Philadelphia Phillies and San Francisco Giants: Mound Wars in 2011

Jonathan AbramsonContributor IDecember 17, 2010

Philadelphia Phillies and San Francisco Giants: Mound Wars in 2011

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    On Monday night, Cliff Lee shocked the baseball world when he signed a five-year, $132 million dollar contract with the Philadelphia Phillies.  Interest in Lee’s 2011 destination began as soon as he threw his final pitch to the Giants in the World Series, and all signs pointed to New York. 

    When the Phillies announced Monday that Lee would become a member of their already elite pitching staff, baseball fans around the country wasted no time in dubbing this fearsome four the best staff in baseball—and possibly, of all time.

    On paper, it is hard to argue otherwise.  The “Fearsome Four,” or “R2C2,” of Halladay, Lee, Oswalt and Hamels is a staff that one would have a difficult time assembling for a video game roster, let alone a Major League Baseball season.  Halladay is arguably the best pitcher in baseball, and the other three would be considered number one starters on at least 25 of the other staffs in baseball. 

    Only the Giants boast a staff that is comparable, which brings us to the point of this column.

    The question at hand is whether the 2011 Phillies pitching staff is the greatest ever assembled—and it is one deserving of serious debate.  In reviewing various articles that address this question, I noticed something was missing from the debate, and from the conversation altogether.  The Phillies are clearly the favorites to win the National League pennant, and they will—barring injuries—hold opposing teams to very few runs over the course of the season. However…so will the San Francisco Giants. 

    The 2010 San Francisco Giants pitching staff was finally able to thrust itself into the national spotlight when the group pitched itself past a solid Braves lineup, out-pitched the “best staff of all time at the time?” 2010 Phillies and then shut down the best lineup in all of baseball in the Texas Rangers.

    Claiming that R2C2 is a better staff than the Giants', I can accept.  Forgetting to mention the Giants in the conversation altogether, I cannot.

    The Braves of the mid '90s had one of the best pitching staffs of all time. Their top three of Maddux, Glavine and Smoltz all pitched in different styles, and all put together Hall of Fame numbers in the steroid era.  The media seems to assume that the Phillies are destined to duplicate the success of this Braves staff. 

    They will run over their competitors in the National League and come face to face with the Boston Red Sox in the World Series: a perfect showcase of dominant hitting vs. the best rotation in baseball (Giants vs. Rangers anyone?).  Another possibility is that the youthful and exuberant Giants pitching staff will do exactly as they did last year and beat the teams dubbed "unbeatable." 

    The potential for a matchup between these two teams in the 2011 NLCS is the real story, and it is being ignored.  I find it almost comical that fans, writers and analysts can forget to mention the Giants in argument with the supremacy of the 2011 Phillies.  Do you not learn from your mistakes?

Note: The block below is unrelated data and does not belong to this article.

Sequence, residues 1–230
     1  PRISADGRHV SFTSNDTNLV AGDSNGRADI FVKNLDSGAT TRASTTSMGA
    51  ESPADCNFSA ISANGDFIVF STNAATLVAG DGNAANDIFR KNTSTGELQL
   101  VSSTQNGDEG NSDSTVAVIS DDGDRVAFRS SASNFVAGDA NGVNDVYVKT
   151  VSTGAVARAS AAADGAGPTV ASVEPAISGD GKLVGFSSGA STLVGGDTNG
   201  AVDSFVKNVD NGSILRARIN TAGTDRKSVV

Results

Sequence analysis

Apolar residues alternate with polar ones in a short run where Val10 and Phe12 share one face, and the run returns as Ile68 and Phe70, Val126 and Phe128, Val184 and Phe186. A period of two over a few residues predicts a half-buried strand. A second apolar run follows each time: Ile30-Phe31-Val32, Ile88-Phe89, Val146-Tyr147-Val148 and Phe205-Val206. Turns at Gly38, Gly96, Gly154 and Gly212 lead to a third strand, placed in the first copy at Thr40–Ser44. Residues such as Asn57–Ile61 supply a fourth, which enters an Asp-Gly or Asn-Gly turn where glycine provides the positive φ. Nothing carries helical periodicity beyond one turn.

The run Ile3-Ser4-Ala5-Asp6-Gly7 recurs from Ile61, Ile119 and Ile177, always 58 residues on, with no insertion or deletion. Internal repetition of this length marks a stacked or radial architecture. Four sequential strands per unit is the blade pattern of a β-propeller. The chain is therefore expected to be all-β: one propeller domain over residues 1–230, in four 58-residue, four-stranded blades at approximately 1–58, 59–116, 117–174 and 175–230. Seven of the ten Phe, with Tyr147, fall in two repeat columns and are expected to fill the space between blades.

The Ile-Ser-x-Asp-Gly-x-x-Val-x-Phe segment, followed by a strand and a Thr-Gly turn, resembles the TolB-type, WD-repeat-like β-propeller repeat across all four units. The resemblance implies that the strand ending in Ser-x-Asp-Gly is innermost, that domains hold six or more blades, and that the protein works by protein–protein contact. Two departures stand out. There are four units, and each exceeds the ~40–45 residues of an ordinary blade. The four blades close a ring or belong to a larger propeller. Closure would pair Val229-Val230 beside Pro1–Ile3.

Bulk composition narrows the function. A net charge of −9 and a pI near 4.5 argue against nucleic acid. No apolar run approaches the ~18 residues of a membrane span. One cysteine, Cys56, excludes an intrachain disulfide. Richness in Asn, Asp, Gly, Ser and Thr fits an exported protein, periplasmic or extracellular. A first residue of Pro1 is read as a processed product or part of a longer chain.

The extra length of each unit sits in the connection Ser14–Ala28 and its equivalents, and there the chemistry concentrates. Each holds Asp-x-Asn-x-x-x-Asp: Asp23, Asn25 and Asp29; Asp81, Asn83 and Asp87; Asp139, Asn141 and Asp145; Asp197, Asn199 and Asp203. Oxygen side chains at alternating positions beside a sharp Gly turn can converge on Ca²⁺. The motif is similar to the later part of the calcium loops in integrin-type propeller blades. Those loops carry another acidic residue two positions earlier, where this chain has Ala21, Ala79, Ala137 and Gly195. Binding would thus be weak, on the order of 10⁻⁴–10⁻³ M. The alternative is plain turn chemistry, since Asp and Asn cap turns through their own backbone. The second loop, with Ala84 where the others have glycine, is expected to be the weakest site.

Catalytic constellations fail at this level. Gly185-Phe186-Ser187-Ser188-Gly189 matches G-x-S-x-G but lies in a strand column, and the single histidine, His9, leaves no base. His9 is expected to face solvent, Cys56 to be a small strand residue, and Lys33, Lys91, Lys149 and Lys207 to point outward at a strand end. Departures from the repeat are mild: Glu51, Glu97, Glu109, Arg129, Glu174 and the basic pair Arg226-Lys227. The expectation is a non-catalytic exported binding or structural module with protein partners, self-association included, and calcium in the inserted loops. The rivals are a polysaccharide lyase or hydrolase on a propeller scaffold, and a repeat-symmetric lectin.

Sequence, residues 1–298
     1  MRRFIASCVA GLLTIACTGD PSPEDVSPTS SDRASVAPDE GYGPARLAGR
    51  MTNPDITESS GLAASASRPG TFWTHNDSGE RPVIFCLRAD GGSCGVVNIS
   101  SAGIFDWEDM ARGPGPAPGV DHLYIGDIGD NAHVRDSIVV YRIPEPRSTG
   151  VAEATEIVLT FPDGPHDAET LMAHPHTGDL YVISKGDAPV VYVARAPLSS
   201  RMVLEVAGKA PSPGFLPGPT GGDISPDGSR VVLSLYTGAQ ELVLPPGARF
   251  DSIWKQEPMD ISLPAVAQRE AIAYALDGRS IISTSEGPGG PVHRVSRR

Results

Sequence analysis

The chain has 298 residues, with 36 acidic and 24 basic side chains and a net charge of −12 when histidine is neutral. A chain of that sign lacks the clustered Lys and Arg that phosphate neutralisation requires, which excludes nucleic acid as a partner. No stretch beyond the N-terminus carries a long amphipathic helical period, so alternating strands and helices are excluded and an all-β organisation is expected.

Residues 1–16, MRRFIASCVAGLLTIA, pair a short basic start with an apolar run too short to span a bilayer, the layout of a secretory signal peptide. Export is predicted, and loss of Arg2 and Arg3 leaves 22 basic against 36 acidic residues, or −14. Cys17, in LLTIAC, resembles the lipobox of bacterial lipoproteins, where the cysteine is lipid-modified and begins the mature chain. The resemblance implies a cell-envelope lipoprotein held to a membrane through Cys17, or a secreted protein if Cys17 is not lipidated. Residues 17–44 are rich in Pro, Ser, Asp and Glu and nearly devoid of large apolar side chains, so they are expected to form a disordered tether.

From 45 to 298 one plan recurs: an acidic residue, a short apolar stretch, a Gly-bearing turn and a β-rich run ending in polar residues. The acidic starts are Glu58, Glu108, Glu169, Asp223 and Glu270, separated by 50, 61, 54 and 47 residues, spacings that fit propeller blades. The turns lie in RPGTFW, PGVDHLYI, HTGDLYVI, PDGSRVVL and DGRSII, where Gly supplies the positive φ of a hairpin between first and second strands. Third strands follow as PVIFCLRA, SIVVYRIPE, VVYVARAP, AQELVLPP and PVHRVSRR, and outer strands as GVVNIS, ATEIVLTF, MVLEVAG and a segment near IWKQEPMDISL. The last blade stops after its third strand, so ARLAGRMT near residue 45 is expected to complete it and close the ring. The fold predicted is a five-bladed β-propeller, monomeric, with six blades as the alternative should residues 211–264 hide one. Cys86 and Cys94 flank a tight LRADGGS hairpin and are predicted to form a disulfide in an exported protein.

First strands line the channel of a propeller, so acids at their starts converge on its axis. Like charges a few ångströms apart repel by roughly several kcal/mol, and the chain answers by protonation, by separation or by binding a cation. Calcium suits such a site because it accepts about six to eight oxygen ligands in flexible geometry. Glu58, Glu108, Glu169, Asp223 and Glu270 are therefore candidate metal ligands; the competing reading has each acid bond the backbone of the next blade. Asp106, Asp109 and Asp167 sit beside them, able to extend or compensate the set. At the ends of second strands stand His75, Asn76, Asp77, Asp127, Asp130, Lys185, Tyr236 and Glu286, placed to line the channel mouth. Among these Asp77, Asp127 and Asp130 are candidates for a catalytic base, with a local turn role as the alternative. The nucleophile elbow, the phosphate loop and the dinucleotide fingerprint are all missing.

The Phillies may be the best pitching staff of all time in 2011—they certainly have the potential.  Yet, so do the Giants.  Perhaps the articles prematurely slobbering over the Phillies and Golden Boy Cliff Lee should wait until NLCS Round 2.  Halladay, Lincecum, Lee, Cain, Oswalt, Sanchez, Hamels, Bumgarner: A line of names such as these only exists in Cooperstown.  This is the real story behind Cliff Lee signing with the Philadelphia Phillies.

    To attempt to make the debate as simple as possible, I have compared the pitching of the Giants and Phillies in slideshow format, comparing each starter head-to-head.  Before I address specific players, first let me address the pros and cons of each staff as a whole. 

    The Phillies are aging, but not necessarily for the worse.  I believe, however, that Oswalt may be losing a bit of extra life on his pitches.  The Giants are incredibly young, with only Barry Zito aging for the worse.  The Phillies' incredible starting staff will hand games over to a solid, albeit limited bullpen, and a closer plagued by inconsistencies from season to season. 

    The Giants starters will hand games over to an elite bullpen.  It is better than the Phillies', and it is not even especially close.  I consider the closer a primary contributor of a staff, and it must be noted that the Giants are superior here as well. 

    Let's now take a look at the starters.

Tim Lincecum vs. Roy Halladay

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    What a matchup this is.  Halladay is considered by many to be the best pitcher in baseball, and he won the 2010 Cy Young Award, stealing it from Lincecum.  Before Lincecum’s bout of inconsistency in August, he was thought by many to be just as good, if not better than Halladay. 

    In the regular season, Halladay used impeccable command and tremendous sink on his fastball to limit baserunners, and hence scoring (note his 1.04 WHIP).  Lincecum, however, struggled in August and failed to repeat his Cy Young success, not due to a loss in velocity as some have suggested, but due to a lack of command. 

    His stuff, however, remains elite, as is evidenced in his strikeout total, which for the third straight year was tops in the National League.  For a season like he had last year to be considered a “down year” shows how good “The Freak” really is.  Both Halladay and Lincecum dazzled in their playoff debuts and proved that they are truly the cream of the crop in the MLB.


    Lincecum 2010 stats: 


    3.43 ERA

    231 Strikeouts (led NL)

    1.27 WHIP


    Halladay 2010 stats:

    21-10 led MLB)

    2.44 ERA

    219 Strikeouts

    1.04 WHIP


    Edge: Draw

Matt Cain vs. Cliff Lee

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    This is the comparison that is most interesting to me as a pitcher and baseball fan. Both Cain and Lee would be the aces for almost every other team in baseball, but fall second in command (pun intended) to the respective aces on each team.